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Glycobiology. 2004 Apr;14(4):325-37. Epub 2004 Jan 12.

C-Mannosylation of MUC5AC and MUC5B Cys subdomains.

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  • 1Cystic Fibrosis/Pulmonary Research and Treatment Center, School of Medicine, University of North Carolina at Chapel Hill, Chapel Hill, NC 27599, USA. juan_vilar@med.unc.edu

Abstract

We expressed recombinant Cys subdomains in COS-7 cells to examine the role of this highly conserved protein domain in mucin biosynthesis. The entire Cys1 and Cys5 and Cys1 and Cys3 subdomains in MUC5AC and MUC5B, respectively, each with six carboxyl terminal histidine residues, were pulse-labeled with [(35)S]cysteine/methionine, and the labeled proteins were examined in the culture medium. Under nonreducing conditions, secreted Cys subdomains were monomers, indicating the absence of interchain disulfide bonds. Cross-linking studies suggested the domains are able to interact through very weak noncovalent interactions. Though the domains had apparent M(r) consistent with the absence of N- and O-glycans, they could be purified with mannose-specific lectins. Lectin binding was prevented by mutation of the first tryptophan residue in the putative C-mannosylation acceptor motif WXXW, indicating that C-mannosylation is responsible for lectin binding. As judged by pulse-chase experiments, C-mannosylation occurred very early during the domain biosynthesis, likely in the endoplasmic reticulum (ER). Mutation of the WXXW motif or expression of the unmutated domain in CHO-Lec35.1 cells, a C-mannosylation-defective cell line, resulted in reduced secretion of the corresponding Cys subdomains. Live cell imaging of green fluorescent protein fused to the Cys subdomains clearly revealed increased presence of Cys subdomains in the ER of CHO-Lec35.1 cells when compared to the same domains expressed in CHO-K1 cells. Considered together, these studies suggest that the Cys subdomains of MUC5AC and MUC5B are C-mannosylated in their respective WXXW motifs. C-mannosylation is likely required for proper folding of the Cys subdomains and/or for some aspect of ER export during mucin biosynthesis.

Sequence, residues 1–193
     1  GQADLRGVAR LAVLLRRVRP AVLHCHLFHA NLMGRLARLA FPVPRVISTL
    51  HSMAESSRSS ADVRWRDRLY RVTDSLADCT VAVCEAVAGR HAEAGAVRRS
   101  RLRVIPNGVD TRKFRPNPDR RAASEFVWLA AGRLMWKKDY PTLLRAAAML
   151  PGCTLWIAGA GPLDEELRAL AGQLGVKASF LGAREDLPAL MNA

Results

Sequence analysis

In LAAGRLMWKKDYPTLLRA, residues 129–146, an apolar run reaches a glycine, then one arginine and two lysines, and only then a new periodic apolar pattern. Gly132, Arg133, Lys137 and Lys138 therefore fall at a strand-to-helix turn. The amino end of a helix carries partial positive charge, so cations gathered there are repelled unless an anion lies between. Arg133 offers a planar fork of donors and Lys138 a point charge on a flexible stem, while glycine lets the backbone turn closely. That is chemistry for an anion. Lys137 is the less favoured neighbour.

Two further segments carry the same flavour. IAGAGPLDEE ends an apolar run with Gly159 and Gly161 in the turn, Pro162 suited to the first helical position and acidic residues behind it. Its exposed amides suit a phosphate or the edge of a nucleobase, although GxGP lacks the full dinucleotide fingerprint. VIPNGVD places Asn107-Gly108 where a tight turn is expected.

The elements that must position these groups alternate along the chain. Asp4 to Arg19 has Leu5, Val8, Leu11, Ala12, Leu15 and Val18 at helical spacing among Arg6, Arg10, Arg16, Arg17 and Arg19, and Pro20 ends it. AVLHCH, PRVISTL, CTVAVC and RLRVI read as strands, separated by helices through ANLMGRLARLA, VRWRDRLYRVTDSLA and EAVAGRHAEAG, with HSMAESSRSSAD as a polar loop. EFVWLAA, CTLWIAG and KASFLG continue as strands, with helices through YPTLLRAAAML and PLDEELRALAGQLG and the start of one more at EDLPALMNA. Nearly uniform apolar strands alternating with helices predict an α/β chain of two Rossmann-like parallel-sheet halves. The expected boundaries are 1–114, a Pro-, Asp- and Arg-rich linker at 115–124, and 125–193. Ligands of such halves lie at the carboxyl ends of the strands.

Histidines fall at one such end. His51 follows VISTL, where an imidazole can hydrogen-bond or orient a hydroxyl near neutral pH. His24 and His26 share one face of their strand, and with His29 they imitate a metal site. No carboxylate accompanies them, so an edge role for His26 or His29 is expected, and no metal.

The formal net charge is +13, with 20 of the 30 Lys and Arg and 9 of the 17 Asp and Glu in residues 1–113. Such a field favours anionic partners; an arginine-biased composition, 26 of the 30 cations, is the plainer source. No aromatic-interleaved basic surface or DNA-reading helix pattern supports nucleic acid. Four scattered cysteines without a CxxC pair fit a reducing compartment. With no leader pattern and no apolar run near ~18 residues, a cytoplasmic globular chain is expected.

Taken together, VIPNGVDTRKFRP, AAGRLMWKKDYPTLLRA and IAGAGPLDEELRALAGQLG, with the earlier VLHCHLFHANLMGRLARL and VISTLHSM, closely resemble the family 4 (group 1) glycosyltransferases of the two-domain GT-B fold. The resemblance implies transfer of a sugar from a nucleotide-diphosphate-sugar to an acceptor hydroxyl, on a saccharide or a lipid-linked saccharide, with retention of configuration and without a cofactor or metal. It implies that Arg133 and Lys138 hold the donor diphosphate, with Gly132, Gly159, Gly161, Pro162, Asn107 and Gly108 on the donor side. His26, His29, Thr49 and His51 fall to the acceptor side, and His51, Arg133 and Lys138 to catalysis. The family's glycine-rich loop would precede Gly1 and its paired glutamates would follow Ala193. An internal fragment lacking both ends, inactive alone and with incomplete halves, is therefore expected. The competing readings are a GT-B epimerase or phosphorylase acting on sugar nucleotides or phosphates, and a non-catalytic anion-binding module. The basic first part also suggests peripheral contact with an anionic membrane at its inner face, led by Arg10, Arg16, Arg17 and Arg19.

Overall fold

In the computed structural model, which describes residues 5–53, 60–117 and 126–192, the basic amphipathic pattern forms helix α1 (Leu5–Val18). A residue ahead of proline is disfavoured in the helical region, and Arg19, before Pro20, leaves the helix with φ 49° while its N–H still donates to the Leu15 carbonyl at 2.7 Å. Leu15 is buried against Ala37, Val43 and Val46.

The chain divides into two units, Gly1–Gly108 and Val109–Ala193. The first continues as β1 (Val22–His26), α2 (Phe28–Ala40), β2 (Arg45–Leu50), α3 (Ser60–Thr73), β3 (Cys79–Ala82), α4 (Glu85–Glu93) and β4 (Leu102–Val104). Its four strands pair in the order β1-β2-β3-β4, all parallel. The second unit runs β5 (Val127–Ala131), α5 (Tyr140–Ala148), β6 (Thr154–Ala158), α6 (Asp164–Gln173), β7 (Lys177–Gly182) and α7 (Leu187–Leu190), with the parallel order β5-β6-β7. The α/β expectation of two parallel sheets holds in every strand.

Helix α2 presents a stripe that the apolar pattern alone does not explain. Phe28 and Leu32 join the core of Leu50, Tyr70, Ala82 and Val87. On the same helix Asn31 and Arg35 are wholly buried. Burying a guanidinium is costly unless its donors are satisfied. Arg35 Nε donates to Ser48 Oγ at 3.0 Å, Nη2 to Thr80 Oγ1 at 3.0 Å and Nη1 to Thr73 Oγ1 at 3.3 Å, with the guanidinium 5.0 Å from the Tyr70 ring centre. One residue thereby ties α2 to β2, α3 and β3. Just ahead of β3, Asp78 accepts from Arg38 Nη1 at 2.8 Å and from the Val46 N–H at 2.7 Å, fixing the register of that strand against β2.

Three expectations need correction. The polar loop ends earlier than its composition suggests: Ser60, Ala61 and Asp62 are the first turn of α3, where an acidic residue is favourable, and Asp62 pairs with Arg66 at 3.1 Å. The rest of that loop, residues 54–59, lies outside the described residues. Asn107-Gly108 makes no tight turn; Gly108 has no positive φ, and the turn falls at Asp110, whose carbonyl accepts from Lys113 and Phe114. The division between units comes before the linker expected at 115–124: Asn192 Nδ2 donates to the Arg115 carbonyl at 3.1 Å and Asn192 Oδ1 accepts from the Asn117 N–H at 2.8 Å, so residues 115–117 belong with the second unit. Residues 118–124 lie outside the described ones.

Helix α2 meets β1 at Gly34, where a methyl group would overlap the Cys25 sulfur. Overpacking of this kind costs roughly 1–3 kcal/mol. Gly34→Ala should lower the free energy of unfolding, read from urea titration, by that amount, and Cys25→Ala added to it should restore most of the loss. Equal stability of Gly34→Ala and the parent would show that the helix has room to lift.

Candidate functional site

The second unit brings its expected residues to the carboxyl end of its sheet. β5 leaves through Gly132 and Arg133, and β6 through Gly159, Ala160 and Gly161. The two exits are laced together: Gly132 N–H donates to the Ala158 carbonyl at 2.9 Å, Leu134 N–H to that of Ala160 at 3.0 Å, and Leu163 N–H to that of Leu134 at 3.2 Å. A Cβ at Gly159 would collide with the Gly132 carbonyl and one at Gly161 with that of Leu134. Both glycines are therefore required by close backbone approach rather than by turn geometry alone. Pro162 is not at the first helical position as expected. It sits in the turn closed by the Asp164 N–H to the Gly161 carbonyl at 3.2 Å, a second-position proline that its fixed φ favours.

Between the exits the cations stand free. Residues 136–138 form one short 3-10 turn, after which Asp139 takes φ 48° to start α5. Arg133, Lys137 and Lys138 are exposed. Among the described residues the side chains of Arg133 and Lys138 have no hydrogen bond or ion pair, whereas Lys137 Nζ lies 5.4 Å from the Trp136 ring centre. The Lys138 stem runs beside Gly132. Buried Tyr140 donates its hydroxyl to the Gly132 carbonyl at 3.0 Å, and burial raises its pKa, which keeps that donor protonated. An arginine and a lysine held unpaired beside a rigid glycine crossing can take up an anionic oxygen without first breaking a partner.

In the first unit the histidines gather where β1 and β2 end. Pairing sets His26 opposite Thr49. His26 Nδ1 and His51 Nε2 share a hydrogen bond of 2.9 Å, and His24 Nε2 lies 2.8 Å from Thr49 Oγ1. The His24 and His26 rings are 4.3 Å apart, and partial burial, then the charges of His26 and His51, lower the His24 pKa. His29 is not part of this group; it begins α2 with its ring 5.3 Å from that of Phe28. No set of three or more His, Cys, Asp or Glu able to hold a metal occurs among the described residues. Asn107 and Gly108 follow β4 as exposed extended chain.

PMID:
14718370
[PubMed - indexed for MEDLINE]
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